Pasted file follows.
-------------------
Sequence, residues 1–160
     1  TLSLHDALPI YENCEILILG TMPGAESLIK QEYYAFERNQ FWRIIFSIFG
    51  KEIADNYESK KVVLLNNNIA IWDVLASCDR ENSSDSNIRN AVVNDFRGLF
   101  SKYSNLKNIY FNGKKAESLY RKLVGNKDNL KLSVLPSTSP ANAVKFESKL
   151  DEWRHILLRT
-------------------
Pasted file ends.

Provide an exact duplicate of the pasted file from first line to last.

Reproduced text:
Sequence, residues 1–160
     1  TLSLHDALPI YENCEILILG TMPGAESLIK QEYYAFERNQ FWRIIFSIFG
    51  KEIADNYESK KVVLLNNNIA IWDVLASCDR ENSSDSNIRN AVVNDFRGLF
   101  SKYSNLKNIY FNGKKAESLY RKLVGNKDNL KLSVLPSTSP ANAVKFESKL
   151  DEWRHILLRT